Anyone care to rearrange the Titanic’s deckchairs? Bit of fiddling while Rome burns? Who the hell cares at the moment about training? The insouciance of the NCTJ to the virtual collapse of the regional/local newspaper industry is shaming. Get down from the ivory tower you lot and have a good look around. That smell isn’t roses, it’s journalists’ livelihoods going up in smoke.

Observer (03/12/2008 15:48:34)
Train them up by all means. But then get them into a newsroom, let them see for themselves how much work they have to do, how little time they will have to go and find news and build contacts, how much cutting and pasting of press releases they will do, and then watch them leave in droves before they waste their lives worrying about when the next round of redundancies will come along and before they have a family to think about. That’s as much of a problem as finding people with a nose for a news story. Until that’s solved, then having great news people won’t matter. Simple as that.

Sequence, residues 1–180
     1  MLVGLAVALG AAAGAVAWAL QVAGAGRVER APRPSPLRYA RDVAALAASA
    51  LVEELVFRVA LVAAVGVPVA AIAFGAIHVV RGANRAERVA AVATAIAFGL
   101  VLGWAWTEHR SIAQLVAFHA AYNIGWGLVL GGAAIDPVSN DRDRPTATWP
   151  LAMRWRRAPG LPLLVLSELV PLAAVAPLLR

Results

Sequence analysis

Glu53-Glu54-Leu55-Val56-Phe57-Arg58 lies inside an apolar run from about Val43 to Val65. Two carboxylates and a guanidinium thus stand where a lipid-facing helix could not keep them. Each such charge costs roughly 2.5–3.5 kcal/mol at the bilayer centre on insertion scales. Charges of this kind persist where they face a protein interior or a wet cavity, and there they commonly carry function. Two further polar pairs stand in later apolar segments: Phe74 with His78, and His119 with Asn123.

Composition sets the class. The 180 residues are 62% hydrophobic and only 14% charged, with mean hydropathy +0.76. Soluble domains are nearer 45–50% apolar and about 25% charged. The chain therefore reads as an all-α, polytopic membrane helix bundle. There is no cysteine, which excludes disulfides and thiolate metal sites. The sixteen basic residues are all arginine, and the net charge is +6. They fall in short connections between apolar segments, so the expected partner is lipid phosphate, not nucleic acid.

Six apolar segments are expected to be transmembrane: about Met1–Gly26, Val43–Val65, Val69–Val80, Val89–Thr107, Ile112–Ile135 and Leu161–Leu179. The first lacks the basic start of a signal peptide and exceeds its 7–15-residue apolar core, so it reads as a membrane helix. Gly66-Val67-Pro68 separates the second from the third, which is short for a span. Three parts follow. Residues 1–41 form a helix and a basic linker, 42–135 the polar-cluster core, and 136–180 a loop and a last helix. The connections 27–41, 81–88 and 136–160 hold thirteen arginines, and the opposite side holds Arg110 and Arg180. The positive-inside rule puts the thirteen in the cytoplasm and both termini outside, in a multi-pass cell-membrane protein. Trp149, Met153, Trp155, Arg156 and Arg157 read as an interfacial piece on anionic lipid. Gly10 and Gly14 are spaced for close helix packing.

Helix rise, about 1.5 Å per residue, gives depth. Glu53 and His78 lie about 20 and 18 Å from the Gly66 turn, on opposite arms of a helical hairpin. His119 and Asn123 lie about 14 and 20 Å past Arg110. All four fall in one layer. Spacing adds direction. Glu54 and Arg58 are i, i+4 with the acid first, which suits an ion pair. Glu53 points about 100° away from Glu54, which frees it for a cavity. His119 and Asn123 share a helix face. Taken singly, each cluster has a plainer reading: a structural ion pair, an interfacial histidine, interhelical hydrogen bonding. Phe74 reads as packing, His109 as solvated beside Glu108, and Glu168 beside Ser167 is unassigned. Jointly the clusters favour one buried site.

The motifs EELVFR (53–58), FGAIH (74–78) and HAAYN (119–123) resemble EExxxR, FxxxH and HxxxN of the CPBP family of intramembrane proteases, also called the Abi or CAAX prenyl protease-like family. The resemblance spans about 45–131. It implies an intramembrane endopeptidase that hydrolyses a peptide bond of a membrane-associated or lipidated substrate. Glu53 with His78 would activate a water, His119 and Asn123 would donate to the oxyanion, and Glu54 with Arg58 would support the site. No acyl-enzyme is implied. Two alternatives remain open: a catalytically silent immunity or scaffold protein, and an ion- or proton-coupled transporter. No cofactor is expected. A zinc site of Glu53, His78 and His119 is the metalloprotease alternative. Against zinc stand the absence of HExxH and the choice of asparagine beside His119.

jonb (03/12/2008 17:33:52)
Observer, I take your point. These are crazy, difficult times and there are worries for all of us. But I’ve just spoken to a young trainee reporter we recruited three months ago – she doesn’t cut and paste press releases (we bin most of them), she gets out to hunt down stories, and she says she’s working damn hard and loving every minute of it.

regionalhack (03/12/2008 17:38:54)
Hey editors, how about these discussion topics?
1)That journalists now have to do twice as much work (otherwise known as the multi-skilled, multimedia future) with less time due to less staff than ever before?
2)That the brightest young people now fully realise that they will be paid more, be treated better, and work less hours, in almost any other job?
But I expect the outcome of this conference will be the usual rose-tinted, management BS

Hackmeister General (03/12/2008 17:51:28)